|Possibly the most 'Spoons photo I have ever taken.|
|Fart arsed ponce burger? Tripple cooked chps? Half a tomato and chps? Tom at work.|
|Dad and Tom fight there way back from the bar.|
The day then really could start improving, and after walking past Southport's answer to the ghost of Chuck Berry, busking, under some lovely old awnings, we hesitated outside the Scarisbrick Hotel complex looking confused until a kind man told us Barons Bar was first door on the left.
|Is this the way in?|
|Dad and Tom tentatively step inside|
1061. Barons Bar, Southport
It all felt a bit clubby, almost like I needed to show my CAMRA card, with plush red carpet and happy old duffers sat on leather chairs chewing the fat, drinking coffee and wine. Oh, and don't forget the legendary Tetley's which that nice Lizards man had already warned me/told me about. And now to meet our 'character' of the day, a strange southerner in a knitted jumper - one of those nervous types who couldn't keep still and flitted from table to table interrupting everyone. He told us he preferred the keg Tetley's (£1.85 a pint or something) to the £2.20 Cask as it was less gassy! And then like an eager schoolboy, he told me you could take your drink to a different part of the hotel complex to check on the Arsenal score on a big screen! Although my inner response to him would be "WHY, JUST WHY?" it is BRAPA policy to humour crazy locals so I let him give me a guided tour of the place, he knew everyone, and took me to a low-key Las Vegas type room but it was half time anyway. It was a bit like an 11 year old Essex schoolboy in 1990 finding the keys to the staff room whilst England play Cameroon in the World Cup. This tour made me realise the main area of Barons Bar was quite a baronial themed room with mood lighting, a proper bar and the loos - more like the third door on the left, but we (especially Dad) enjoyed the light clubby-esque room we were in. As our friend appeared to puke on a plant (too much keg Tetleys), and the weird smell of egg turned to burnt plastic, and my 'Top Totty' started to turn a bit sulphury, it was time to go whilst I was still semi-enjoying it.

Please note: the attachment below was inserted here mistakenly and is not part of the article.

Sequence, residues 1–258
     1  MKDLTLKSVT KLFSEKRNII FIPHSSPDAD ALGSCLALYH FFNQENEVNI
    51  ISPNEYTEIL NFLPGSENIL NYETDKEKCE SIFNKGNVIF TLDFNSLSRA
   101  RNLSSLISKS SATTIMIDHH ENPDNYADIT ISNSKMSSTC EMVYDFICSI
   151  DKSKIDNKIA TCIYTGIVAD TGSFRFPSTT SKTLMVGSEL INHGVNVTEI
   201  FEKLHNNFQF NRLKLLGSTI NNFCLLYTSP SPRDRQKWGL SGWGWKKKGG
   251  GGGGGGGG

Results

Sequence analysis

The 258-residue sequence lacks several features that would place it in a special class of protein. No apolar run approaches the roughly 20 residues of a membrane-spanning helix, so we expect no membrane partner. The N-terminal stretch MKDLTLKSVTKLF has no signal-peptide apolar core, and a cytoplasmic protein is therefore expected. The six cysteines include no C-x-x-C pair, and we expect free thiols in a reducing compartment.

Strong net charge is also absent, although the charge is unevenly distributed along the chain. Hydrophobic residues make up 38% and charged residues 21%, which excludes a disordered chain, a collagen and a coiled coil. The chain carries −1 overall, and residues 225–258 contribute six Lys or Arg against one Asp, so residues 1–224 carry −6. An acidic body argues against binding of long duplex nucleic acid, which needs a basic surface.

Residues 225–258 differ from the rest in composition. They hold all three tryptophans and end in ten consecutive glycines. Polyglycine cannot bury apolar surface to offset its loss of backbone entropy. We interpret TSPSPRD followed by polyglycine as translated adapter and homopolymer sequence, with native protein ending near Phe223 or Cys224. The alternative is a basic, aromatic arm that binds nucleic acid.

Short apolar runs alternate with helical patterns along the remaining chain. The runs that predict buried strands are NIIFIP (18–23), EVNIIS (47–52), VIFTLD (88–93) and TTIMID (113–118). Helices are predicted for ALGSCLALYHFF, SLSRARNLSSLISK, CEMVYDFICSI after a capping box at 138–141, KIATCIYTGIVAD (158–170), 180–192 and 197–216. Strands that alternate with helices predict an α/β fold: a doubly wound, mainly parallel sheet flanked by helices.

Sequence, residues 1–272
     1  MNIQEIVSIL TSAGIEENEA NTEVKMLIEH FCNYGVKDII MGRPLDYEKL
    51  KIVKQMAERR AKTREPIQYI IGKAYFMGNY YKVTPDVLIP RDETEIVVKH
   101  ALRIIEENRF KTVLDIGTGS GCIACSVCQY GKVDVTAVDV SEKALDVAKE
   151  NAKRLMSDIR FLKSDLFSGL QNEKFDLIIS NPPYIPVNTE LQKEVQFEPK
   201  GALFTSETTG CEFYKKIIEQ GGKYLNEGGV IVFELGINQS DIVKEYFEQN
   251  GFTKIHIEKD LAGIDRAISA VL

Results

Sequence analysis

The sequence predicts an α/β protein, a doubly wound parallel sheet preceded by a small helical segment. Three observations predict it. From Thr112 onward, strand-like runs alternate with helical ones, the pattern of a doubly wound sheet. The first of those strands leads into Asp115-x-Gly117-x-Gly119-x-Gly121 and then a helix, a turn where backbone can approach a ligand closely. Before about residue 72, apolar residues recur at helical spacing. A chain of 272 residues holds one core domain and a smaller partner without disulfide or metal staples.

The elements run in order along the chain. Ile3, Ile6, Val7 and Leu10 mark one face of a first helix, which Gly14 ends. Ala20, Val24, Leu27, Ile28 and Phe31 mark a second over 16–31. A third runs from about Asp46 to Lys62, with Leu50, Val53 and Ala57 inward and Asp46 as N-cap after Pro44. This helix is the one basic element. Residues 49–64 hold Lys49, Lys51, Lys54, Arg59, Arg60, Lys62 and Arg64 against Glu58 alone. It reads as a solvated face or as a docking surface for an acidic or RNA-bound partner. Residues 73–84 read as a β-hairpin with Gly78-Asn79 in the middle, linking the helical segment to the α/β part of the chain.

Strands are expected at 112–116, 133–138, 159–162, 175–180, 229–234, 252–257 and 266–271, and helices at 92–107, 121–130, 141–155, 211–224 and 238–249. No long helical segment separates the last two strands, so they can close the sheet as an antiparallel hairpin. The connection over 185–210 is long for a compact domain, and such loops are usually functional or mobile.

|Our new friend is taken ill at the lamp|
|View from bar hatch to main baronial style bar.|
We carried on in the same direction down Lord Street with the rain teeming down again, and though I didn't have the heart to take Dad in another Wetherspoons, there was another pub across the road ....
|Dad and Tom in 'crushed to death by inn sign' possibility.|
1062. Phoenix, Southport